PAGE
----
[2] Hillman, D., Mitchell, S., Streatfeild, J., Burns, C., Bruck, D., & Pezzullo, L. (2018). The economic cost of inadequate sleep. Sleep, 41(8), 1–13.
[3] Hafner, M., Stepanek, M., Taylor, J., Troxel, W., & Stolk, C. (2017). Why sleep matters -- the economic costs of insufficient sleep: A cross-country comparative analysis. In Why sleep matters -- the economic costs of insufficient sleep: A cross-country comparative analysis (Vol. 6, Issue 4). RAND Corporation.
[4] Adams, R. J., Appleton, S. L., Taylor, A. W., Gill, T. K., Lang, C., McEvoy, R. D., & Antic, N. A. (2017). Sleep health of Australian adults in 2016: results of the 2016 Sleep Health Foundation national survey. Sleep Health, 3(1), 35–42.
[5]  Till Roenneberg. Chronobiology:  The human sleep project. Nature, 498(7455):427–428, June 2013.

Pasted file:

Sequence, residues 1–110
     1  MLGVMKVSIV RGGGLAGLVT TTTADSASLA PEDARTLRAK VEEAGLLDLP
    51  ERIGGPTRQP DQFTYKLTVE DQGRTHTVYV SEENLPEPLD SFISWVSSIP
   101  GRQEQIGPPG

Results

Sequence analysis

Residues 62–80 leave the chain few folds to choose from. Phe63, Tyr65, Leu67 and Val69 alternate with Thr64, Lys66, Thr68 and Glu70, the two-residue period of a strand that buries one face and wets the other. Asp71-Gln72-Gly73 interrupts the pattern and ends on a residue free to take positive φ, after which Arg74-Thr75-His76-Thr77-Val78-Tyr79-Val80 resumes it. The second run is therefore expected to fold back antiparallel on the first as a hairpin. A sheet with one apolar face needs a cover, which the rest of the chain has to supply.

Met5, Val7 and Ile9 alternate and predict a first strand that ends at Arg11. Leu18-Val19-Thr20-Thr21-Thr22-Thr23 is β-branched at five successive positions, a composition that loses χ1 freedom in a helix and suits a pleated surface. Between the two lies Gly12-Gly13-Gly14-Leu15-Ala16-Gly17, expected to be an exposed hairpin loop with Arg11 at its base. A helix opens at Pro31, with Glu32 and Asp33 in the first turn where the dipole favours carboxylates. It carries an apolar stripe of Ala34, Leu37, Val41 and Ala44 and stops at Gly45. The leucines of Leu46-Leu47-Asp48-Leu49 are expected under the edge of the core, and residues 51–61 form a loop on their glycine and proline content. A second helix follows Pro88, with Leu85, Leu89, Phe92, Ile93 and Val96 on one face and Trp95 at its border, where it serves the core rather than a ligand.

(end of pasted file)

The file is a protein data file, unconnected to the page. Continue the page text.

[6] Ackermann, K., Angus, S. D., & Raschky, P. A. (2020). Estimating Sleep & Work Hours from Alternative Data by Segmented Functional Classification Analysis (SFCA).
[7] Monash IP Observatory, SoDa Laboratories, Monash Business School,

Areas of research

Population health; Sleep medicine; Big Data; Machine learning; Data-science

Project description

The PhD project will undertake the fundamental research needed to micro-validate the proof-of-principal prior work at the city-aggregate level, by shifting focus to the individual. In a first stage, the project will generate new, ground-truth sleep and internet activity datasets from representative samples of individuals across a variety of contexts; and then, in a second stage, the project will apply advanced machine learning methods to refine generalisable tools for timely, accurate sleep estimation, at global scale.